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Bicultural identities

The universal language of art speaks eloquently for three artists who immigrated to the United States from nations besieged with conflict: Bosnia, China and Vietnam.

Curated by Barbara Anderson Hill, program coordinator for Tampa's Art in Public Places and curator of the Florida Gulf Coast Art Center from 1991 to 1994, the show is a chance for the public to explore how the artists, educated on two continents, translate their past into the world of their present.

Tanja Softic

In her first bay area exhibit, Tanja Softic presents the most refreshing new work to come here for a long time.

Born in Bosnia of Serbian Muslim heritage, Softic (SOF-tich), 32, is assistant professor of art at Rollins College. She is married to sculptor Thomas Koole.

Her credits include a 1996-97 recipient of both a Southern Arts Foundation/National Endowment for the Arts Visual Artist Fellowship and a Florida Department of State Individual Artist Fellowship. She will exhibit in the Florida Visual Art Fellowships 1996-97 exhibit at the Florida Gulf Coast Art Center May 9-June 21.

Using only black, white and orange, and an occasional speck of another color, she creates a biomorphic world of shapes suggesting shells, pods and seeds _ simple images, yet each is a metaphor for birth or death, relating to her past and present, not only in a universal sense but by reference to specific organic life in both her homelands. Speculum Mundi, consisting of 100 6-inch squares that can be arranged in endless ways, is intentionally disconnected, as is her native country. A speculum is an instrument for examining or reflecting; mundi refers to the world or, as a microcosm, Earth.

Occasionally a piece is striped, in reference to a design common to her Muslim heritage. Despite that, she was raised without religious tradition. For her, art addresses the mysteries of existence. Thus the visible body is only part of Softic's work. The unseen soul has a presence that must be acknowledged to fully understand.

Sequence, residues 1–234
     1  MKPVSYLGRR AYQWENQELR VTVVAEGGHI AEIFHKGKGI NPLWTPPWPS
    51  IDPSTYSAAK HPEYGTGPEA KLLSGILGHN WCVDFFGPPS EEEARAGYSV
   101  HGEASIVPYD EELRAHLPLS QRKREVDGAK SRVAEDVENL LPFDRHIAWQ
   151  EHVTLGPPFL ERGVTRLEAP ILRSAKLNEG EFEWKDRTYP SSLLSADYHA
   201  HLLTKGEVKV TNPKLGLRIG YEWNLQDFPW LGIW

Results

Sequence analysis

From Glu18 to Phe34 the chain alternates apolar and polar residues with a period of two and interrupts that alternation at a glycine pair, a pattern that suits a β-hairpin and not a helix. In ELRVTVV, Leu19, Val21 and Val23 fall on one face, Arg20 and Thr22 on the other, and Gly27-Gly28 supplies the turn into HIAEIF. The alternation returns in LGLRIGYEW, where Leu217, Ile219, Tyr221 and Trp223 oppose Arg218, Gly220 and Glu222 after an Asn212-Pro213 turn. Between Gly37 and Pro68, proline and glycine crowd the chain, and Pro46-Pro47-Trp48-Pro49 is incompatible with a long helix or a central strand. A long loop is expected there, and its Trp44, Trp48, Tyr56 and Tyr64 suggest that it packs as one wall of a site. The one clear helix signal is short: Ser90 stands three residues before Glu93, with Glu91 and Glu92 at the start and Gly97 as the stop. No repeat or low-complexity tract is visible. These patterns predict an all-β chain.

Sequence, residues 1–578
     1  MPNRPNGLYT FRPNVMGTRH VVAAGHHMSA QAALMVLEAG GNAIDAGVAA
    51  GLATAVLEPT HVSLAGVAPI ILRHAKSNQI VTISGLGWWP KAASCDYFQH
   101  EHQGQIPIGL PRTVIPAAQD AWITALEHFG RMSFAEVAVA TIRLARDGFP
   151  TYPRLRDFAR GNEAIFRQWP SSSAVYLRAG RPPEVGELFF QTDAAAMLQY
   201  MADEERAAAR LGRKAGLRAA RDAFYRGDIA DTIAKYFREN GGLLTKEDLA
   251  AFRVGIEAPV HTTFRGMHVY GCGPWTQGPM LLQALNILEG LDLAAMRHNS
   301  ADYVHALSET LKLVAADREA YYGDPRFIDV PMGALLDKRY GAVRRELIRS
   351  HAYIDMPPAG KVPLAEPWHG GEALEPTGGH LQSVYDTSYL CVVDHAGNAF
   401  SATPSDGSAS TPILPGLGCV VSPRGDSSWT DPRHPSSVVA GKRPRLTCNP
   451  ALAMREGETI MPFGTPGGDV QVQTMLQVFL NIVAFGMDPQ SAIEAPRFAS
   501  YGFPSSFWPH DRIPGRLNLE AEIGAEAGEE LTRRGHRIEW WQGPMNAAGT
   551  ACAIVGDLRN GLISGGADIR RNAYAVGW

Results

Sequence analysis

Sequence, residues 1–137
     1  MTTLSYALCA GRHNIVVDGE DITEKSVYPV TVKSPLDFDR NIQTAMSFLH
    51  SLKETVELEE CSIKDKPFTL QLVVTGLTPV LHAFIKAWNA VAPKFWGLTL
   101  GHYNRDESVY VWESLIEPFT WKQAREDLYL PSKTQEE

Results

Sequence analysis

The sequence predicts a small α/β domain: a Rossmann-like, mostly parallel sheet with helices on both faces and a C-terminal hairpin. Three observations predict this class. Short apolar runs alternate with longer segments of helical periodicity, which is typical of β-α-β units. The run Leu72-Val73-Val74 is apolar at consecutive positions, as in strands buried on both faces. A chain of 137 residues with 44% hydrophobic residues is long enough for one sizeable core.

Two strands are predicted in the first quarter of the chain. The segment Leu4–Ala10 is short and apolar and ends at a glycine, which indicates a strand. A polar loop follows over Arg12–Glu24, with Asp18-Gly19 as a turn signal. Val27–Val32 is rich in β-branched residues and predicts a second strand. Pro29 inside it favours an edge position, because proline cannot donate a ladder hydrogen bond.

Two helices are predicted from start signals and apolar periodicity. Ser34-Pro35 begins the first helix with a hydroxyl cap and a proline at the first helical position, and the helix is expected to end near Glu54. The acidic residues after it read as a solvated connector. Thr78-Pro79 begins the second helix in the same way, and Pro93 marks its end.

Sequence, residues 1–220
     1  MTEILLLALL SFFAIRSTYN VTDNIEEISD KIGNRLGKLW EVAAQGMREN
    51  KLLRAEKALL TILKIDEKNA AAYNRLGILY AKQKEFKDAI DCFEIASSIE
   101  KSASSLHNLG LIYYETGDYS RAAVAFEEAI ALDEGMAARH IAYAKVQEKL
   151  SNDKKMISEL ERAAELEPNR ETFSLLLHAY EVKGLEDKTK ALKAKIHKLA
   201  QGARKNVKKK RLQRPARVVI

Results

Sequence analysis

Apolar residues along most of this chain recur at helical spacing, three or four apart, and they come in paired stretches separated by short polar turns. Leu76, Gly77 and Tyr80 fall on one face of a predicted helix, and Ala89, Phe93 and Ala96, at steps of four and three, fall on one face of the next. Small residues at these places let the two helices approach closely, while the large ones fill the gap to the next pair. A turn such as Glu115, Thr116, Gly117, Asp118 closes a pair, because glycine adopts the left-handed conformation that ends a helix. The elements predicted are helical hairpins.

Hung Liu

Hung Liu, 50, born in Manchuria, raised in Beijing, today teaches at Mills College in Oakland, Calif. Her oversized paintings center around figures. The paint dribbles randomly down her canvases as if to show her disdain for following rules.

Her most riveting work is Branches: Three Generations of the Wong Family. In black and white charcoal and oil, it spreads more than 21 feet across one gallery wall. Painted as a triptych, it combines drawings of family portraits _ on the right, photos taken in China at the turn of century; on the center and left, photos after the family came to the United States. Sometimes she shades in a figure, giving it dimension; other times, she leaves it outlined and flat. We don't know whether she singles out figures for detailed treatment for any reason other than to make a more interesting composition, nor if the images are meant to be true character studies or strictly faithful to a candid snapshot.

More than a family portrait, the work deals with social change, from the stiff, sexist order of China (noted by tiny, bound feet beneath the women's garments) to the relaxed and radiant women in an adopted country two generations and 60 years later.

Hoang Van Bui

Hoang Van Bui, 29, came to the United States when the country of his birth, South Vietnam, fell in 1975. He now lives in Tampa, has taught sculpture at the University of Tampa and has attracted critical attention in the bay area and beyond.

His work is simple yet complex, laden with symbols that take on more than one meaning. His work is symmetrical, half north and half south, referring to Vietnam; half east and half west, for the two hemispheres that have both been his home. The symmetry also can be taken as a search for balance.

The kneelers, depicted, are part of Family, a 25-foot-long floorwork defined by patchwork denim pillows in the shape of a house. A traffic cone, cast in bronze, is at the roof's peak as if to symbolize caution and change. The pillows offer comfort; the kneelers, rising above, signify reverence but also place the user in the position of overseer. Fresh flowers in a vase give the work festivity and life.

A bonus to seeing the show is noting the handsome expansion of the center. From two galleries the center has grown to four, focusing on an open, airy entry.

At a glance

WHAT: "Bicultural Identities: Three Emigres from Bosnia, China and Vietnam"

WHERE: Dunedin Fine Art Center, 1143 Michigan Blvd., Dunedin

WHEN: 9 a.m. to 5 p.m. Monday through Friday and 1 to 4 p.m. Sunday through June 5

COST: Free

CALL: 738-1892

Also on exhibit:

"The Art of Susie Chang: Chinese Brush Painting," through June 5 in Meta B. Brown Gallery; "Detours: The Forgotten Florida," through Sunday in Entel Family Gallery.